June 19–28, 2014
Schedule subject to change
All evening faculty and guest readings will be held in the Deane Carriage Barn. All faculty, guest, and graduate lectures and all graduate readings will be held in Tishman Lecture Hall, unless otherwise indicated.
Thursday, June 19
Friday, June 20
- 4:00 pm | Denton Loving
- 4:20 pm | Jennifer Miller
- 4:40 pm | Ruth Mukwana
Saturday, June 21
- 8:20 am | Jodi Anderson: “In Search of Real Time: Writing With One Eye on Einstein.” The theories of relativity changed our definition of time from a chronological absolute to something more… well, relative. How can we explore the interrelatedness of real time and real life in our fiction? I turn to three great novels for help: Swann’s Way, To the Lighthouse, and Ada, or Ardor.
- 9:00 am | Chanelle Boucher: “Poetry and Collaboration.” The successes and failures of poetic collaboration.” This lecture will explore Anne Carson's elegy Nox as a written work, Carson's personal scrapbook of sorts, an international reading, and a reading set to music and dance. Can one piece translate so diversely and still be a successful venture on the part of the poet?
- 9:40 am | Patrick Boyle: “Remix Poetics: The Free-Floating Tools for Creation in the Digital Era.” How do we talk about poetry in the digital era? Where other arts grow, where does poetry stagnate? What elements connect our craft to the Information Age? We'll explore these elements and build a context for them as remix poetics.
- 3:00–4:00 pm | Diversity Initiative meeting—all are welcome, CAPA Symposium
- 4:00 pm | Jana Gannon
- 4:20 pm | Joanne Proulx
- 4:40 pm | Cassie Pruyn
- 5:00 pm | Walter Robinson
Sunday, June 22
- 8:20 am | James Brennan: “The Evolution of the Corporate America Novel: Conformity Through the Ages.” Sloan Wilson, said of his protagonist in The Man in the Gray Flannel Suit: “. . . but one thing is sure: in the sixties, seventies and eighties, Tom Rath would grow into a different kind of individual.” Looking at Revolutionary Road, Something Happened, Fight Club, and Then We Came to The End may reveal otherwise.
- 9:00 am | Elizabeth Brown: “The Woman Who Walked into Doors and into my heart.” How does Irish author Roddy Doyle write such a convincing, heartbreaking tale of a battered wife? Doyle plays with chronology, much as Alice Munro does in her short stories. In this lecture, I will consider how these authors depose the tyranny of time to achieve different effects.
- 9:40 am | Jasmin Darznik
- 10:30 am–noon | Writer-in-Residence Discussion: Donald Hall
- 1:00 pm | Keith Lesmeister
- 1:20 pm | Cathy Salibian
- 1:40 pm | Bridget Sampson
- 2:00 pm | Emily Mohn-Slate
- 2:30 pm | Bibi Deitz: That One Thing: Dubus and the Articulation of Character.” Andre Dubus is a master of cutting to the core of a character via simple methods of show and tell. I’ll examine his technique through various texts.
- 3:10 pm | Rachel Feingold: “Beautiful Disasters: Translating the Lyrical Language of Catastrophe.” Contemporary novelists Chabon, Diaz, and Patchett all portray catastrophic events using lyrical prose, in the voices of immigrant characters who wrestle with language as much as with the events themselves. I will define “lyrical prose” and explore how these authors write so beautifully about dramatic circumstances without straying into melodrama.
Monday, June 23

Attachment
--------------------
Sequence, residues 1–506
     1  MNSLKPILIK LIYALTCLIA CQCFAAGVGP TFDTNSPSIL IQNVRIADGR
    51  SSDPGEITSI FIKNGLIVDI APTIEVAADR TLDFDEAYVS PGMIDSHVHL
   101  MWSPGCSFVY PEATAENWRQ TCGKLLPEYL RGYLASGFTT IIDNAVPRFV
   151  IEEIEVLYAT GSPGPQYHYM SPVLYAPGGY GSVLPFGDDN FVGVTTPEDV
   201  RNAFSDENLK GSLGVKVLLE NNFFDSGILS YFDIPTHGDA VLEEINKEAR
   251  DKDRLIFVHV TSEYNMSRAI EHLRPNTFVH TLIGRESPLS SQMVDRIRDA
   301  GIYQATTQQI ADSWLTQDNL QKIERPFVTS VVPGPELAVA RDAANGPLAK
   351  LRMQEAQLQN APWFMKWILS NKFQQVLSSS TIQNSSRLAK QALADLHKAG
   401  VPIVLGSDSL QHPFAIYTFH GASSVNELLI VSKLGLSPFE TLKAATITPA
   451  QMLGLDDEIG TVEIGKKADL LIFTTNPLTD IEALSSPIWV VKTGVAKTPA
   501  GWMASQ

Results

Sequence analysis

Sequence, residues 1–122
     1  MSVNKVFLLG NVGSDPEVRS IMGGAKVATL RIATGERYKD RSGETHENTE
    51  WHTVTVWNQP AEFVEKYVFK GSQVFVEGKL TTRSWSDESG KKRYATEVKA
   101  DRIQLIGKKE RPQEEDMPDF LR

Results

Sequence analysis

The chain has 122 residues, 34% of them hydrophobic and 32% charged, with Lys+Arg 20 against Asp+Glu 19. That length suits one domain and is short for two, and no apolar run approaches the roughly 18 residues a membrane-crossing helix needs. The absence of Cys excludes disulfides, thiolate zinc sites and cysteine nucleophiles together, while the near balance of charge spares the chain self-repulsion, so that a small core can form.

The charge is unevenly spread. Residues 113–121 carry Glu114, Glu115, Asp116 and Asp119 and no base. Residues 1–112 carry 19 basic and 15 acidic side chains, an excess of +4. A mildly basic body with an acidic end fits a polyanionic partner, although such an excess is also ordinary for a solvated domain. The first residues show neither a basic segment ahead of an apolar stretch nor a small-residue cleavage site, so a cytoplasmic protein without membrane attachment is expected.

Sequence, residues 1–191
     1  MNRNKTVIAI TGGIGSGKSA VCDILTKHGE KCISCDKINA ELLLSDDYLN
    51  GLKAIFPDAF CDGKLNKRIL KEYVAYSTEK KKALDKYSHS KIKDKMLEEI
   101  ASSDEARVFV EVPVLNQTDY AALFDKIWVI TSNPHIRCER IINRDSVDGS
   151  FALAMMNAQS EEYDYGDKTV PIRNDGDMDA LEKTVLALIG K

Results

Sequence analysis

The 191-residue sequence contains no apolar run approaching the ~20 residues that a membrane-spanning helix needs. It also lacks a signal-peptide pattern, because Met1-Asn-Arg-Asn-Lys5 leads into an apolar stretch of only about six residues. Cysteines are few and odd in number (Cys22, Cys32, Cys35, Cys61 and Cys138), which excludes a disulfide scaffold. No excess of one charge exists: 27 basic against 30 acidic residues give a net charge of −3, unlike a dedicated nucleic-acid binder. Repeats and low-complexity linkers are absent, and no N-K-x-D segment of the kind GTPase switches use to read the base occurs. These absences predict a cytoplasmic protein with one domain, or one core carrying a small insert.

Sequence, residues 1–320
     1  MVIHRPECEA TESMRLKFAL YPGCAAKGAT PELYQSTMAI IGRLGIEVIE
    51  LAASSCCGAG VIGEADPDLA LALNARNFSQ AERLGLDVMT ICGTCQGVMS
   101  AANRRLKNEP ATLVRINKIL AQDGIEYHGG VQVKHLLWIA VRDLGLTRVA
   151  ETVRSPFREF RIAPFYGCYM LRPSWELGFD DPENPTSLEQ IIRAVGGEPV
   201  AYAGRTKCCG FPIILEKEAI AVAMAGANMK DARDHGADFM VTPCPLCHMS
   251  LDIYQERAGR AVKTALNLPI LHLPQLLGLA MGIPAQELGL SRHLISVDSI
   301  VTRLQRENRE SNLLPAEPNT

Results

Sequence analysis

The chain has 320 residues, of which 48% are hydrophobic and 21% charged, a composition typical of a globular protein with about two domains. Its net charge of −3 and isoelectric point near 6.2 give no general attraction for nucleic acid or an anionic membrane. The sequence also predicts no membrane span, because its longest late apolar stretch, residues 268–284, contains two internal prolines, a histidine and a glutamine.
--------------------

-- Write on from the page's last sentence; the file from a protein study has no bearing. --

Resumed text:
- 8:20 am | Libby Flores: “Always On My Mind: Obsessional Characters and Narrative Drive.” Obsessional characters single-mindedly want something, as seen in the work of Vladimir Nabokov, Tillie Olsen, and Lydia Davis. I will explore how these dissimilar writers use language to convey the singular urges of their obsessive characters, manipulate syntax to heighten the stakes, and ultimately propel a desire that builds narrative drive.
- 9:00 am | Jay Hodges: “Some Assembly Required: Storytelling Using Non-linear Structure.” I will discuss how authors Mary Robison, Lorrie Moore, and Virginia Woolf create anticipation and keep readers reading without offering the security of conventional linear form.
- 9:40 am | Didi Jackson: “Reverse Ekphrasis.” When a poet is moved deeply by a visual artist’s work, she is often compelled to write a poem in response to or in conversation with that piece. The term used for such poetry, ekphrasis, is a word that derives from the Greek meaning to recount, describe, point out, or explain. But what do we call it when the inspiration is in reverse, when the poet inspires the visual artist? This lecture will take a closer look at the less discussed tradition of “reverse ekphrasis.” We will examine the vital interchange between the dynamic artistic and poetic pairings of Robert Motherwell and Federico Garcia Lorca, Grace Hartigan and Frank O’ Hara, and Jenny Holzer and Henri Cole.
- 4:00 pm | Katie Slezas
- 4:20 pm | Jennifer Urbanek
- 4:40 pm | Corina Zappia
- 5:00 pm | Jodi Anderson
Tuesday, June 24
- 9:00 am | Ani Kazarian: “The Armenian Genocide and the Experience of Exile Through the Literature of William Saroyan and Michael J. Arlen.” The Armenian Genocide of 1915 created a widespread diaspora and perpectuated deep cultural wounds that are prevalent within the Armenian-American community today. I will delve into the works of William Saroyan and Michael J. Arlen, focusing on the cultural wounds of the last century, the experience of exile, how the community survived, and the ways in which writers explore these issues.
- 9:40 am | Jennifer Leija: “The Author’s Reading: History, Challenges, and Yours.” A brief exploration of writers reading their work for an audience, why it’s difficult (but important), and how to do it better.
- 10:30 am–noon | Associate Faculty Lecture: Susan Choi: “Knowing and Forgetfulness: The Case Again Expertise.”
- 1:00 pm | Chanelle Boucher
- 1:20 pm | Patrick Boyle
- 1:40 pm | James Brennan